Jack Skille, who had been mocked and taunted by fans throughout the NHL for his inability to get a puck into the net through 17 games (18 for the team), beat Pekka Rinne twice on Saturday night.
And yet the Blackhawks lost.
The Blackhawks managed five shots on four power play opportunities, including 1:22 of five-on-three play. They failed to score on any of their power play chances.
Looking at the stat sheet, two numbers jump off the page as a pretty good cause for concern when looking at those power play numbers, and they’re the time on ice with a man advantage on Saturday night:
- Marian Hossa – 3:09
- Tomas Kopecky – 3:31
WHAT? Kopecky had more ice time on the power play than Hossa? Certainly that can’t be correct… right?
Let’s take it one step further. Skille had two goals and Viktor Stalberg the third goal for the Hawks on Saturday night. They must have seen decent ice time, right?
- Skille – 11:46 total (0:00 PP)
- Stalberg – 8:41 total (0:00 PP)
- Kopecky – 13:58 total (3:31 PP)
Ok… something’s just not adding up now. Was Kopecky having a great night? He must have had good numbers if he got that much ice time, no?
- Tomas Kopecky: 13:58 TOI, 0 goals, 0 assists, -1, 0 hits, 0 blocked shots, 0 faceoffs, 0 takeaways
So basically the only guys in white sweaters that scored on Saturday night couldn’t get off the bench with a man advantage, couldn’t get on the ice in overtime, and didn’t merit as much ice time as a guy that gave the team… nothing?
At this point I’m lost.
There are a number of really good things the Blackhawks can take away from Saturday night’s effort. Marty Turco was very good for 35 minutes, allowing three goals on 33 shots. He was fooled by a couple shots in the shootout that cost the Hawks a second point on the night, but he didn’t receive a single decent shot on net on the other end.
Led by Niklas Hjalmarsson’s nine (yes, I said nine) blocked shots, the Blackhawks defensive effort was much improved. The penalty kill in overtime was one of the best efforts of the season by the Blackhawks, and they avoided the quick turn around goals that have plagued them in recent losses.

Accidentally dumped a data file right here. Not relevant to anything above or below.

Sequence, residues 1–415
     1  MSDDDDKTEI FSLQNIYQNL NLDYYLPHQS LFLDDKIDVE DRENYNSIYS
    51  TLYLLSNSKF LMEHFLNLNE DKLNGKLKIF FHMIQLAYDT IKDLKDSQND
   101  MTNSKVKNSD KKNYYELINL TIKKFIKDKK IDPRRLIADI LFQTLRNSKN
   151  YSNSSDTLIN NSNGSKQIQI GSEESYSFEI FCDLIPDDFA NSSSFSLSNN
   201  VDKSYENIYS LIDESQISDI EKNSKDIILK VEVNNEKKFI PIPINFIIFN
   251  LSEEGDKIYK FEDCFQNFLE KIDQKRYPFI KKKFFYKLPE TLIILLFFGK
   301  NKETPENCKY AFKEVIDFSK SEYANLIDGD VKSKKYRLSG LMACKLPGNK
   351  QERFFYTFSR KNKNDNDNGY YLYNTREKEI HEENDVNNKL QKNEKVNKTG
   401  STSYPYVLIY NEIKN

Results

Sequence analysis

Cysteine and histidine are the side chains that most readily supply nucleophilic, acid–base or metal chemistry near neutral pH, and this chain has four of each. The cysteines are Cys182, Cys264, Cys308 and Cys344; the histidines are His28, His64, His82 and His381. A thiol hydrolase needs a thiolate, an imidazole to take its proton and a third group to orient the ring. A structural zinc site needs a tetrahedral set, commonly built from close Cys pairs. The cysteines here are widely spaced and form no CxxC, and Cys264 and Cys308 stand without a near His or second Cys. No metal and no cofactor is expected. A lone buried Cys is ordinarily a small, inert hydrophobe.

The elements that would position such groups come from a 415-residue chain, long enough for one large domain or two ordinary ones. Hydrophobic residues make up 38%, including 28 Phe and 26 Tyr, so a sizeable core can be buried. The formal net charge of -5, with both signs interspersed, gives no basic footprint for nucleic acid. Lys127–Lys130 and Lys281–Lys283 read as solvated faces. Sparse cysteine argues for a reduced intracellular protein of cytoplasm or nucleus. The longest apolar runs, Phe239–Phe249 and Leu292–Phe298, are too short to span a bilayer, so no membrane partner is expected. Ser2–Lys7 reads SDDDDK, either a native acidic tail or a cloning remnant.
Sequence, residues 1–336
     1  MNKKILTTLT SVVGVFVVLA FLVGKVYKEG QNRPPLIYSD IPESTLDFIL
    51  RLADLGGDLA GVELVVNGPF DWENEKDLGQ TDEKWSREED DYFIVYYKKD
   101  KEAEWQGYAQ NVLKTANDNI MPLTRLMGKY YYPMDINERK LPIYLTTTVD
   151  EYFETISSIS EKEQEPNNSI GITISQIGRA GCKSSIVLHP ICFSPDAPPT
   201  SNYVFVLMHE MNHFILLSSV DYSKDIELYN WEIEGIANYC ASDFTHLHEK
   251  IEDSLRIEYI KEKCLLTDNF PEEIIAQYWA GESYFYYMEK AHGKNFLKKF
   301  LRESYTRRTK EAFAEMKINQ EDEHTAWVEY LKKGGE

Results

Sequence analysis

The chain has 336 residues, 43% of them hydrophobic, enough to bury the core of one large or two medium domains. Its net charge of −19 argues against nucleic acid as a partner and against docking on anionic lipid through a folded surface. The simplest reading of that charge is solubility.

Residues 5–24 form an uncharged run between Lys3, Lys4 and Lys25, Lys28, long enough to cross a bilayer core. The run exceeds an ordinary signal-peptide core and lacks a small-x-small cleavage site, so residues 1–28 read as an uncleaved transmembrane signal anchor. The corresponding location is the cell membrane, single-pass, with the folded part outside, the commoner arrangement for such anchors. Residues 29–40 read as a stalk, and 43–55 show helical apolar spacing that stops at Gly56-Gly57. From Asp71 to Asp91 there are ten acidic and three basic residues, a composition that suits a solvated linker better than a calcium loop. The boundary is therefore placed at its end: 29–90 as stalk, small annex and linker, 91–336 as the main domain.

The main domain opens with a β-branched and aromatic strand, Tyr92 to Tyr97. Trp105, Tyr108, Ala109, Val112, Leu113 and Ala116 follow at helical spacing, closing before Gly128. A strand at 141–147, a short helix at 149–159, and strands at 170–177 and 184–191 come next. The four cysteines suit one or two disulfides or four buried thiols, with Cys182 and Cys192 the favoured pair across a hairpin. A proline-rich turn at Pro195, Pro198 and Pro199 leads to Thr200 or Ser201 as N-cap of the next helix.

In fact, the Blackhawks busted a number of disturbing trends on Saturday night. It was Skille, not the opponent, scoring late in the first period. Less than two minutes after Nashville took the lead, Stalberg answered and tied the game. And, for the first time this year, the Blackhawks were fully healthy.
The lack of health on his roster has kept coach Joel Quenneville from being able to skate a regular rotation yet this year, but that changed in Nashville. Quenneville had a full compliment of players available, and skated his top players heavy minutes. Jonathan Toews and Patrick Sharp skated over 24 minutes each, and Patrick Kane was given 22:50 on the ice. Marian Hossa was over 19 minutes, and Dave Bolland was over 17 in his return from IR.
From that list, only Sharp contributed a point.
Meanwhile, Bryan Bickell had his best game of the season while only receiving 11:12 in ice time. He was plus-two with a team-leading three hits, one assist and the biggest hit of the night on Patric Hornqvist. Troy Brouwer tied Bickell for the team high with three hits and received 13:37 in ice time, starting on the top line with Toews and Sharp but being replaced for a number of shifts in the second period by Stalberg.
Stalberg scored his goal while on the ice with Toews and Sharp.
The superstars aren’t giving the Blackhawks what they need. Hossa and Sharp have both gone seven games between goals, which doesn’t include the games Hossa missed because of injury. While Toews has been winning faceoffs at a remarkable rate, he now has as many goals (five) as Stalberg. Skille, who couldn’t score to save his life for 17 games, jumped past Brouwer, Bolland, Duncan Keith and Brian Campbell with his two tallies on Saturday night.
And yet the players that are producing continue to find themselves on the bench in crucial situations.
Like a five-on-three power play.
The Nashville Predators are the only team in the Central Division with fewer points than the Hawks, and just gave them a dogfight for 65 minutes before earning the second point. What can the Blackhawks expect on Sunday night, when the Anaheim Ducks bring a six-game winning streak to the United Center?
Quenneville has settled down the blue line by playing his defensemen equal minutes whether it’s Keith or Campbell or Nick Boynton or Jassen Cullimore. It might be time for him to consider levelling off the minutes up front as well, and giving the players that are actually producing the opportunity to impact the game in a bigger way.